– The case must be diagnosed in order that the proper treatment may be applied. That is what the Medical Commission is trying to do.
– The results obtained from 1,000 examinations should give a fair average indication of the health of the whole of the miners.
– Not necessarily; because the conditions are so varied.
If, as we are told, this occupation is deadly, one would expect to find the men anxious to escape from it. But what are the facts? We find that men who have left Broken Hill, and have been absorbed elsewhere - who have found work in other cities - return to the Barrier immediately there is any prospect of the strike being settled and work being available. That, to my mind, is some evidence that mining operations at the Barrier are not as deadly as we have been led to understand.
– They cannot get regular work elsewhere.
– I am not expressing an opinion as to whether the occupation is healthy or unhealthy.
– Then, what is the honorable member trying to prove? “Mr. MAXWELL.- I am urging the House to hold its hand in regard to the appointment of a Royal Commission until we have before us the result of the labours of the Medical Commission that has already been appointed by the Government of New South Wales.
– The honorable member is trying to prevent the directors of the Broken Hill mines from’ dealing with these matters until the medical inquiry is over.
– Not at all. If I had the ear of the miners of Broken Hill, I would suggest that they return to work on the terms that have been proposed pending the report of the Medical Commission. My conviction is that if the men were left to determine the question for themselves, they would return to work on these terms, believing that when the results of the Medical Commission had been arrived at whatever was necessary would be done. I deprecate this constant girding at employers at Broken Hill. When I saw what had been done - and I think the honorable member for Barrier (Mr.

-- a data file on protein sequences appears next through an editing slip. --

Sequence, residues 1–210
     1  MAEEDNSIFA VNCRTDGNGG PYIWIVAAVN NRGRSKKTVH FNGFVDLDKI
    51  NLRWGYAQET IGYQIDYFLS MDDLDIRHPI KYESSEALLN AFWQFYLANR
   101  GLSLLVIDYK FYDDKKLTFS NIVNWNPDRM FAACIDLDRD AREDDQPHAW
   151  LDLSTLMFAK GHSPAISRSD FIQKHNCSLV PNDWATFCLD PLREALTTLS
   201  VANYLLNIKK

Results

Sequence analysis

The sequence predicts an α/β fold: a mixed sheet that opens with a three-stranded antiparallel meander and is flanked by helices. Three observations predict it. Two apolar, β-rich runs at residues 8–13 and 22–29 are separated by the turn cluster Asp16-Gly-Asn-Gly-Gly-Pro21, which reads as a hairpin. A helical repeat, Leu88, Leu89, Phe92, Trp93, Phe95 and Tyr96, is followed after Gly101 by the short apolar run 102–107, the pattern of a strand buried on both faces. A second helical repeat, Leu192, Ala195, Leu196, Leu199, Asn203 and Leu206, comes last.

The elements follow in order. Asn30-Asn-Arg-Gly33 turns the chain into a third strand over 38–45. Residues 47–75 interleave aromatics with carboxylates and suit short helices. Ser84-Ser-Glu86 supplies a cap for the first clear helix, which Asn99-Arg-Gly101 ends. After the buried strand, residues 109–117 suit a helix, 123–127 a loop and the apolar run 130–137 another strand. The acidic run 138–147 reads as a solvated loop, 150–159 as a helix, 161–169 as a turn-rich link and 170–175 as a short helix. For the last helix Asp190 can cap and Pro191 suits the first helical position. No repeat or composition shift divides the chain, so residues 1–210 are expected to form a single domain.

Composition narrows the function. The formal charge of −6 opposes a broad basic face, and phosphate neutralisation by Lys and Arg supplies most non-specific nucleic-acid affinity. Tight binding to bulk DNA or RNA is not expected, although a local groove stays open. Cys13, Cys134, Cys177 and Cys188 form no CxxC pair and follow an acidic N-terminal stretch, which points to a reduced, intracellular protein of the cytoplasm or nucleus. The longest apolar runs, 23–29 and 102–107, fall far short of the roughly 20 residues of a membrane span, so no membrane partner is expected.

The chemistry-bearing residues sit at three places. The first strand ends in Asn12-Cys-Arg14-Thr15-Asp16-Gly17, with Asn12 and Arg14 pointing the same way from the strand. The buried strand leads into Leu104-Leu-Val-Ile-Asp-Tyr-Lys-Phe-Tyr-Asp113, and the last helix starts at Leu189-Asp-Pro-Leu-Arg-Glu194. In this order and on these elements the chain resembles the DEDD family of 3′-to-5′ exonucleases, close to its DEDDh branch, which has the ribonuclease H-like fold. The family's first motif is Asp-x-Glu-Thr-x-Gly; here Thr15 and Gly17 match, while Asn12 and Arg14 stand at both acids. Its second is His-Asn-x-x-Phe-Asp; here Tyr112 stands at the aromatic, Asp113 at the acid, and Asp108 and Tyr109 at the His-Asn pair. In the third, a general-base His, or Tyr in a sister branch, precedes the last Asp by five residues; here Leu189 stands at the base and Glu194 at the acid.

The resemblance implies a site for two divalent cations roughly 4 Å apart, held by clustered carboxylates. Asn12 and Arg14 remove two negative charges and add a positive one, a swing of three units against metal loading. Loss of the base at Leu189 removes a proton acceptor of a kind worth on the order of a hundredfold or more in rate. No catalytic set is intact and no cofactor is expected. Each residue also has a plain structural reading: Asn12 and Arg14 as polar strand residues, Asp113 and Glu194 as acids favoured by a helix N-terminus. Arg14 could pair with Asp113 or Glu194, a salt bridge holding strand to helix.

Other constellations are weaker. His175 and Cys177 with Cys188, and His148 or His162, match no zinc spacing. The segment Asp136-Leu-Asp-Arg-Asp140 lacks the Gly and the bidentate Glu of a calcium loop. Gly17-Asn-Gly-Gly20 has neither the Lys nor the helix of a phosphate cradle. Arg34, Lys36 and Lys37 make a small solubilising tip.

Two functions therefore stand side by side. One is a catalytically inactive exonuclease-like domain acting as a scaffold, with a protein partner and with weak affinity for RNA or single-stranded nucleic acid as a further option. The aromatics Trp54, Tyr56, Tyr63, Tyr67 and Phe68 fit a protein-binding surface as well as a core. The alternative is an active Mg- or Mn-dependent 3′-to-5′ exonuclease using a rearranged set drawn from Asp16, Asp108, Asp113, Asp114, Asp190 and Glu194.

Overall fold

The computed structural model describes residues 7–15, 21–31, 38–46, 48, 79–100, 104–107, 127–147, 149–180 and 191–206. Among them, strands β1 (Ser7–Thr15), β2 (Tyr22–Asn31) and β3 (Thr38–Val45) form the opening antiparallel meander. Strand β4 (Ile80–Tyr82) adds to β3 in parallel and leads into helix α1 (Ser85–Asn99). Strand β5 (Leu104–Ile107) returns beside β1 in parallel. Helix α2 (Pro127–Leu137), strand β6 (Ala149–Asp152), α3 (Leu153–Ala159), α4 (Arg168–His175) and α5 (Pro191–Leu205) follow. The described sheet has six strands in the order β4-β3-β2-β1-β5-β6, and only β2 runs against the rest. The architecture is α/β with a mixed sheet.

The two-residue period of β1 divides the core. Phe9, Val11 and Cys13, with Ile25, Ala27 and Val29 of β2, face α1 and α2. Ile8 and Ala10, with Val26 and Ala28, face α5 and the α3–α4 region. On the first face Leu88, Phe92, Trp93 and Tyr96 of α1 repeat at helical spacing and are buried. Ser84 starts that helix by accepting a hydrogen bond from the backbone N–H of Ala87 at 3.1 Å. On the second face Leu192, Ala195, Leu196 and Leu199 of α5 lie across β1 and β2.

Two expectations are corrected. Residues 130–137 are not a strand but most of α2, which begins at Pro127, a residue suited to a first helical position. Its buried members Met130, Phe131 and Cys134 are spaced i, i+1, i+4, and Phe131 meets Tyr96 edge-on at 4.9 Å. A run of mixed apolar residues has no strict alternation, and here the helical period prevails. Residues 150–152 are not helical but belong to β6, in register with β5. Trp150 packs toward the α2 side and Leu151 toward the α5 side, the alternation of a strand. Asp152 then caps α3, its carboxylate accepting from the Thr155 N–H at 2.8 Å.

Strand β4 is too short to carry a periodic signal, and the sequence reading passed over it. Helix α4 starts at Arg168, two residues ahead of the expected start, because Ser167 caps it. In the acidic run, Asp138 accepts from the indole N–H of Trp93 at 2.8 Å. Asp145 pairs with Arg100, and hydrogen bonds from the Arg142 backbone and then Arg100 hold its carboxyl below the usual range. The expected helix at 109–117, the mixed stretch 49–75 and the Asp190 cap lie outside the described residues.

Considine) will admit that a very great deal has been done - to try to minimize the evils-
– Nothing has been done by the employers except that which has been forced out of them.
– Whether they have been forced to do these things or not, the point is that they have been done. Nowadays, there is no greater force than that of public opinion to induce employers to do the right thing. Whenever any body of industrialists come forward with a demand which, on the face of it, is just, public opinion immediately ranges itself behindthat demand, and makes it absolutely irresistible.
– Public opinion is behind the miners now.
– I disagree with the honorable member. I believe that public. opinion has not been correctly informed of the facts of the case. If we were to ask any man who takes a reasonably intelligent interest in these questions, what is the real point at issue between the employers and the miners at BrokenHill we should find that he was unable to tell us. I am convinced that whenever a demand that is just and reasonable is made, public opinion will compel those concerned to concede it. One has only to look at the Mines Act of New South Wales to see that every precaution that experience and consideration for the interests of the miner can suggest has been provided for in it.
– That statement shows how little the honorable member knows of the administration of the Act.
– In additionto the inspectors appointed by the Government, there are inspectors appointed by the men to go through the workings, to point out to those in authority where improvements can be effected, and to see that they are carried out. In these circumstances, it is difficult, in the light of our present knowledge, to say what more can be done in the interests of the miners. It has been said during this debate that now that a Labour Government is in power in New South Wales, if it is possible to further protect the interests of the miners at Broken Hill that protection will be forthcoming.
– What is the honorable member’s opinion in regard to the hours of labour in such an industry?